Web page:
With today’s ever-growing collection of digital marketing channel data, choosing the right multi-channel attribution model is becoming increasingly important.
The goal of multi-channel attribution modeling is to give credit where credit is due between all channels used along a consumer’s journey to conversion. As the consumer journey becomes more complex, it is important than ever to understand multi-channel effects.
MORE CHANNELS, MORE DATA FOR MULTI-CHANNEL ATTRIBUTION MODEL
Digital marketing today takes many forms. One product or service could have an advertising presence across several platforms, each with independent targeting and management. These channels work simultaneously to drive digital consumers towards a measureable conversion, and together gather a set of varied, incredibly detailed data that can be leveraged in analysis. With the right model you can:
IDENTIFY a channel’s strengths and weaknesses
OPTIMIZE channels for different positions along the consumer path
EMPHASIZE contribution from some channels more than others
ISOLATE channels or positions of the consumer journey for closer scrutiny
PRIORITIZE channels and positions more or less than others
STRENGTHS AND WEAKNESSES OF COMMON MULTI-CHANNEL Attribution MODELS
LAST NON-DIRECT CLICK ATTRIBUTION MODEL
All direct traffic is ignored and 100% of the credit for a sale goes to the last non-Direct channel the customer used before converting. Google Analytics uses this model by default when attributing conversion value in non-Multi-Channel Funnels reports.
This model intentionally understates the impact of direct traffic and undervalues other channels earlier in the journey. It does not credit brand recognition or brand value, which often plays an important role in driving direct traffic. Instead, it provides a simple picture of the most effective non-direct channels. As analytics becomes more sophisticated and tracking consumers through multiple channels becomes more reliable, it is critical to consider the potential impact of channels earlier in the consumer path.
FIRST INTERACTION ATTRIBUTION MODEL
The first interaction along a conversion path receives 100% of the credit.
This model ignores any channels used between the first interaction and a completed conversion. It does, however provide a sense of where consumers start on their consumer path, which can be a helpful perspective on digital marketing efforts.
LINEAR ATTRIBUTION MODEL
Each channel along the conversion path shares equal credit for the conversion.
By giving attribution to all channels, this model lessens the value of any particular channel or position along the conversion path. It attributes all channels that work, not just the channels that work well. Because of the universally-distributed attribution, channels with greater attribution overall are simply used more often than others.
TIME DECAY ATTRIBUTION MODEL
Credits all channels along a conversion path, but channels closer in time to the conversion receive more credit.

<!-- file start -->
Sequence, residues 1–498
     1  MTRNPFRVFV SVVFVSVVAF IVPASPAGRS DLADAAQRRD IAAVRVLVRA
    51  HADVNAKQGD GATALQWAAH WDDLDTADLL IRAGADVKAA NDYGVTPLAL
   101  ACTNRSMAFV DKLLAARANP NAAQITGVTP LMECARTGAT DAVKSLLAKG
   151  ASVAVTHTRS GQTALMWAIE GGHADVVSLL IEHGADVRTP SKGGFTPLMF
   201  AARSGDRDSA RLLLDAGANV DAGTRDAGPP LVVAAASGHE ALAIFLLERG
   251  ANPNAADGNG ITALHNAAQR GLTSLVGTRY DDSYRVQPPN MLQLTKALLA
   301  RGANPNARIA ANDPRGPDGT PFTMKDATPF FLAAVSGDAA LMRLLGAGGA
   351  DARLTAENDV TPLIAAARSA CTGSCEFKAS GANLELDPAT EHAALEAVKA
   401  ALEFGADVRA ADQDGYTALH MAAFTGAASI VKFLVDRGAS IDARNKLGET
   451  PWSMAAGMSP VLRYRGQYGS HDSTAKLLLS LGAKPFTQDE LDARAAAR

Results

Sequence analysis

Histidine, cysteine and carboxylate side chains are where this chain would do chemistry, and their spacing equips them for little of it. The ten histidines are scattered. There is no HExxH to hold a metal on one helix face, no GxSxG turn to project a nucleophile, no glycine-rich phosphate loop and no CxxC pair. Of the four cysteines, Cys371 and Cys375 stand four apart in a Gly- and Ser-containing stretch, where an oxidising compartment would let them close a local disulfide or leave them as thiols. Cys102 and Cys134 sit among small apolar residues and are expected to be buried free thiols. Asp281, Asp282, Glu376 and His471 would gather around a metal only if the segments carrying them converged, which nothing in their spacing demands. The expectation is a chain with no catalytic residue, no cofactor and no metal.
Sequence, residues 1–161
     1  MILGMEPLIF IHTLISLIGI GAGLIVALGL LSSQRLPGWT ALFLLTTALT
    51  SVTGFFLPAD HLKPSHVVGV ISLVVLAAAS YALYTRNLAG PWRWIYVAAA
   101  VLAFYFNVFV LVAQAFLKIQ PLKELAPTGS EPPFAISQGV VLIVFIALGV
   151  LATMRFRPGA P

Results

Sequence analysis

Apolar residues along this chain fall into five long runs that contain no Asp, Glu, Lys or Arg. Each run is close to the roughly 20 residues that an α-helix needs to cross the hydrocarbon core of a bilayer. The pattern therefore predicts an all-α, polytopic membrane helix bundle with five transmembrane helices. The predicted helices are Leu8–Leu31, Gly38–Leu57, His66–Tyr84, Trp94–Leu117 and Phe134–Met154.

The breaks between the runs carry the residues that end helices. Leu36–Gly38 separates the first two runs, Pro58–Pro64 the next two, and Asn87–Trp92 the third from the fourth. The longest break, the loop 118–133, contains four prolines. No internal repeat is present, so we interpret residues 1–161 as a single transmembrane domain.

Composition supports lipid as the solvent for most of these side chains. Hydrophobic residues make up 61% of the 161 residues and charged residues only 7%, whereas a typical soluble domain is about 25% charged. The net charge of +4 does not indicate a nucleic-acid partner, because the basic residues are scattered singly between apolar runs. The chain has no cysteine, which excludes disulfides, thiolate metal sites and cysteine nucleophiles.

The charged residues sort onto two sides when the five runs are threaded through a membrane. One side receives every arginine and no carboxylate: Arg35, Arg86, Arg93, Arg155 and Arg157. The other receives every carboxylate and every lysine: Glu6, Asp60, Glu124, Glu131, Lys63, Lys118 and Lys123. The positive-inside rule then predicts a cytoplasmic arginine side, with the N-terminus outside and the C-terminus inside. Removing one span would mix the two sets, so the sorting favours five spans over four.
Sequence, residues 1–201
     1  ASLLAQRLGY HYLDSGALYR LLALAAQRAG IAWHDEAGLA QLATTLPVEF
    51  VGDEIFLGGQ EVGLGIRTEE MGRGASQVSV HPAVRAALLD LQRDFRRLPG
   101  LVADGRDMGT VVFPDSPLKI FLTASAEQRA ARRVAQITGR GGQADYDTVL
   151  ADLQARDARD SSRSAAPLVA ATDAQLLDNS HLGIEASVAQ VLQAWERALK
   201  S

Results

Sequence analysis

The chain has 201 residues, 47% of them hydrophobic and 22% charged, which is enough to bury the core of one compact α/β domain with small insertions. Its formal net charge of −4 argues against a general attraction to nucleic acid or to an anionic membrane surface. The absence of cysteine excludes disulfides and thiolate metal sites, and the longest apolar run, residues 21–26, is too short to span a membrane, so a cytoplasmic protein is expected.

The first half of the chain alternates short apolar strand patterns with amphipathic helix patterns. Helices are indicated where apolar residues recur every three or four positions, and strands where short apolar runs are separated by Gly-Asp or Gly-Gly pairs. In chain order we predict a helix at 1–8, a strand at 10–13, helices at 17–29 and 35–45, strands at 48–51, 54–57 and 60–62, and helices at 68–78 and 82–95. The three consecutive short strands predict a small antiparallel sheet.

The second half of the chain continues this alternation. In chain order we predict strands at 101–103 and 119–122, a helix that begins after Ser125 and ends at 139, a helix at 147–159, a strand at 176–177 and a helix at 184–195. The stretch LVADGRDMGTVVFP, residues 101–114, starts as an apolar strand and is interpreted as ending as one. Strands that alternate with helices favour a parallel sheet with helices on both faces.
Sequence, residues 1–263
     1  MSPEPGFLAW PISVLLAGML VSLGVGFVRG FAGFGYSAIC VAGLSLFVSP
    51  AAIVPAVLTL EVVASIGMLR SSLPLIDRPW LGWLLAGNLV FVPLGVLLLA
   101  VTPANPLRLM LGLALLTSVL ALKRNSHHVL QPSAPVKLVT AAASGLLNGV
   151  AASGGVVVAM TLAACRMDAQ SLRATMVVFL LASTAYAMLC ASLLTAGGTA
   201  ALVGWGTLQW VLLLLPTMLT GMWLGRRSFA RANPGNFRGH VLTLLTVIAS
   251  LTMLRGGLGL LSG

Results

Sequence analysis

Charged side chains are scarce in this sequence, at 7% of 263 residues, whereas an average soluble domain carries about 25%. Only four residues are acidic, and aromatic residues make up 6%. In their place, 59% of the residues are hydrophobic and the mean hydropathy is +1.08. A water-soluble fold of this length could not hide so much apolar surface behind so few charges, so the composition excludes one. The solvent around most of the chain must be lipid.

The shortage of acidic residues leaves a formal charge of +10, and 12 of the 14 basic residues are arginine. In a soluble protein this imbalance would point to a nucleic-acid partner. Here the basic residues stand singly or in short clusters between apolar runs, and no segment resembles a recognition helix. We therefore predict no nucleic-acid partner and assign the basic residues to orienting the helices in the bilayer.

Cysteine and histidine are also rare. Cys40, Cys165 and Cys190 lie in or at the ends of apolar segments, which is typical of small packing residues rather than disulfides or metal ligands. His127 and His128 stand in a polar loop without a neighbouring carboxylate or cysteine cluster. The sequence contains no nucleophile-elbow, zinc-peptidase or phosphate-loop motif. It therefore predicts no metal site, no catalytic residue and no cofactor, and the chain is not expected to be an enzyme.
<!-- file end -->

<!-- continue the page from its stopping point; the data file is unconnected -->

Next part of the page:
This model generates more detail through its association with time. Its time decay value is also adjustable, which gives flexibility for varied average time lag before conversions. Like the Linear model, it provides a composite channel value for all positions along the conversion path to analyze as well.
POSITION-BASED ATTRIBUTION MODEL
80% of the credit is equally split between the first and last interaction, and the remaining 20% is distributed equally between any middle channels.
Position-based attribution modeling can attribute first, middle, and last channels based on configurable attribution weights for each position. This allows for all channels to be attributed and given adjustable significance for each position along the conversion path.
MULTI-CHANNEL ATTRIBUTION IN WEB ANALYTICS
As tracking technologies continue to advance, adaptations must be made to fully utilize their capabilities. By utilizing alternative attribution models in the analysis of conversion traffic, additional perspectives can be used to interpret a customer’s conversion journey in new ways. Marketers can identify a channel’s strengths and weaknesses, and optimize them for different positions along the consumer path. It is possible to place emphasis on the contribution from some channels more than others or isolate them for closer scrutiny. Finally, marketers can prioritize digital marketing channels and conversion path positions moving forward.
MARKETERS’ NEXT STEPS WITH MULTi-CHANNEL ATTRIBUTION MODELS
To get further down the road to attribution, begin comparing alternative attribution models with data. If you are using Google Analytics, the Multi-Channel Attribution Model comparison tool is an easy way to start exploring data through different attribution models. Look for new insights in the contexts these models create, and see what multi-channel attribution can do for a marketer’s analysis.